Can Financial Markets be Tapped to Help Poor People Cope with Weather Risks?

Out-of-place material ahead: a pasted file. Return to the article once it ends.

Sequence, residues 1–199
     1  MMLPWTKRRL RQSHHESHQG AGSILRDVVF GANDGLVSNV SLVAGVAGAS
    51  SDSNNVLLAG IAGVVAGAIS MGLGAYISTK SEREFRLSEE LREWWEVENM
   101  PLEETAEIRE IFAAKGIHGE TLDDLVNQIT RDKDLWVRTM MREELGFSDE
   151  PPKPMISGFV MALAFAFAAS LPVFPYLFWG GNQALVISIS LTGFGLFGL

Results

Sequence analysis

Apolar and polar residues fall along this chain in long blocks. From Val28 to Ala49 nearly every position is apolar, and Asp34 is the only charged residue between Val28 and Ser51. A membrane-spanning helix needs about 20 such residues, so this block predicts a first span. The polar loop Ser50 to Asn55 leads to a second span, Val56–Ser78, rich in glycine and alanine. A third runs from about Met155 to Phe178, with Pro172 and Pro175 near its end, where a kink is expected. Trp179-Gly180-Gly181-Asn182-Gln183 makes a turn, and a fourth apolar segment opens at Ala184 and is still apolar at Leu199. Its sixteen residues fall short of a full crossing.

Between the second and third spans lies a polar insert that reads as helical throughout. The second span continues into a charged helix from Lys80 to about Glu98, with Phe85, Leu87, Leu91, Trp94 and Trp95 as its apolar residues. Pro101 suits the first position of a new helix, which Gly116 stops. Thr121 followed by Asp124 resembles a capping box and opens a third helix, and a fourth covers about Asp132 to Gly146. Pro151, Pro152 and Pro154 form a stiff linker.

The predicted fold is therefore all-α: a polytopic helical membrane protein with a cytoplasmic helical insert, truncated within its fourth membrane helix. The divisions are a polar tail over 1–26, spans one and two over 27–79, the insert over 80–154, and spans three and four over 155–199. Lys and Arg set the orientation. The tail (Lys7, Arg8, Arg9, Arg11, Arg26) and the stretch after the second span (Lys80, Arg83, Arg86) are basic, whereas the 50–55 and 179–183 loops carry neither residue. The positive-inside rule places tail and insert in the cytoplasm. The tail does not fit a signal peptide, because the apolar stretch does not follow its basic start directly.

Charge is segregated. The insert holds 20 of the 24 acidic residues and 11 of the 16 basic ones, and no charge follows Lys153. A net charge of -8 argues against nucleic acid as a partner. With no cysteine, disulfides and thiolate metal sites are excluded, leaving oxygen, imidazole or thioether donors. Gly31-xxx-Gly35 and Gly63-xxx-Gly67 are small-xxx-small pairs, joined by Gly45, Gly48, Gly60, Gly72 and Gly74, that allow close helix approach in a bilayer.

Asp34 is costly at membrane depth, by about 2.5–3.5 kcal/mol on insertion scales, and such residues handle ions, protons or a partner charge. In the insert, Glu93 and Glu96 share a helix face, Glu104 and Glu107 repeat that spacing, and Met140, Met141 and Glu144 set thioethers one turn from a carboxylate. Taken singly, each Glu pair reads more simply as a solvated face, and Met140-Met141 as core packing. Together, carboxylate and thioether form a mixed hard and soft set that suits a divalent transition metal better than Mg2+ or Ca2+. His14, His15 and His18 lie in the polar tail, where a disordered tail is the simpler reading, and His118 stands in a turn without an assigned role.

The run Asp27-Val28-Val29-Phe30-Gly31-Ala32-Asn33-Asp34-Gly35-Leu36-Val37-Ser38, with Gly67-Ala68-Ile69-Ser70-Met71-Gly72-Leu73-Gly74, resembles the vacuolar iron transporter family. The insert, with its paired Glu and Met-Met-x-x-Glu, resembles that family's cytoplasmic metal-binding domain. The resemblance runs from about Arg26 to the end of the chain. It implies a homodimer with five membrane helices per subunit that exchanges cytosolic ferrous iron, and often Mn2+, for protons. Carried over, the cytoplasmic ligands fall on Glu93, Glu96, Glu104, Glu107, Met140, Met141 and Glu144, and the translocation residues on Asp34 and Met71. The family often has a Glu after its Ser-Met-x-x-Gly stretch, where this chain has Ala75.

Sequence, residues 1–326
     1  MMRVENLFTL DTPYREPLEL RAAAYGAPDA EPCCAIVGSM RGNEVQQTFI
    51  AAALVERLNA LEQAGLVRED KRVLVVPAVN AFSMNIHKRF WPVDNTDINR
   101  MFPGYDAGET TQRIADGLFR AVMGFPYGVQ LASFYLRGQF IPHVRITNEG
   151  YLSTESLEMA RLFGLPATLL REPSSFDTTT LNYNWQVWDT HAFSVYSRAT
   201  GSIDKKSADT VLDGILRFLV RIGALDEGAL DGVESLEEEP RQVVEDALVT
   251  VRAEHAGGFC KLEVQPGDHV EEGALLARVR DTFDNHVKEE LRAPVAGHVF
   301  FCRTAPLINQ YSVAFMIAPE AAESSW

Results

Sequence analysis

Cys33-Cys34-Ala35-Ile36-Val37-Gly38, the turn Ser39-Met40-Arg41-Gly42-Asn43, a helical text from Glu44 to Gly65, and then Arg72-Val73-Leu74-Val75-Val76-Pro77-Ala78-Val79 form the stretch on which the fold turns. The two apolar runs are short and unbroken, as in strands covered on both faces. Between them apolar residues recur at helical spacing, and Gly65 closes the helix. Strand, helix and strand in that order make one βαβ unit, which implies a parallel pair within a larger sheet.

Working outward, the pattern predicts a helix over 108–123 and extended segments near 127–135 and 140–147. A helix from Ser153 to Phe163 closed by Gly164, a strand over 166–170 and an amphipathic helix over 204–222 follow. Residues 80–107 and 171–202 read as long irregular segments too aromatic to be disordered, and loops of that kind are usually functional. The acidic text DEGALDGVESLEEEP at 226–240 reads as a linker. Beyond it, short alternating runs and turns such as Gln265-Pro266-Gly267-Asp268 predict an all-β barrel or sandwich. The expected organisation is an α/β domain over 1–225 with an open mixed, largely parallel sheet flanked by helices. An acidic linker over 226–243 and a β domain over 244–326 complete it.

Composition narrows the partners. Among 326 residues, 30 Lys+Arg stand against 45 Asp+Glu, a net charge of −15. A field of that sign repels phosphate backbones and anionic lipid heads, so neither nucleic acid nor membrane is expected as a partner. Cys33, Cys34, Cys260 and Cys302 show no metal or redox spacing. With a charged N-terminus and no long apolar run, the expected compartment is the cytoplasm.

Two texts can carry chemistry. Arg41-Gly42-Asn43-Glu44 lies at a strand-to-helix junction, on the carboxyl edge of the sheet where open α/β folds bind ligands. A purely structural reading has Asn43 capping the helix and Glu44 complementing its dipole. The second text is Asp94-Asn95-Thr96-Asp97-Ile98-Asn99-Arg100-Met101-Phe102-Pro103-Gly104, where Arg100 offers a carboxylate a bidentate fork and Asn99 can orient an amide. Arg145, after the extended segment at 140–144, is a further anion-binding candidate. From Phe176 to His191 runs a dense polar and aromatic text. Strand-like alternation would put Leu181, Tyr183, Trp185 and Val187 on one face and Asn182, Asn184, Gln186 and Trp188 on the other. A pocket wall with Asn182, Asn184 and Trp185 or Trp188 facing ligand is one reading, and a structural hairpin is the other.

Poor households with little or no wealth are particularly vulnerable to risks that reduce incomes and increase expenditures. This book addresses many of the risk-coping strategies for the rural poor, with a focus on micro level and household actions. Largely, these discussions concern risks that can be shared within a community or extended family. While effective for independent risks, these strategies are rather ineffective for covariate or systemic risks. This paper focuses on private and public mechanisms for managing such covariate risk for natural disasters. When many households within the same community face risks that create contemporaneous losses for all, the coping mechanisms discussed in other papers in this project are likely to fail. Such covariate risks are not uncommon in many developing countries, especially where farming remains a major source of income. The paper focuses on risks that are related to weather events (excess rain, droughts, freezes, high winds, etc.) that have a severe impact on rural incomes. Weather insurance could cover the covariate risk for a community of poor households through formal and informal risk-sharing arrangement among households that are purchasing these weather contracts. Given some recent Mexican innovations that are targeted at helping the poor cope with catastrophic weather events, we use Mexico as a case study to support some of our general concepts.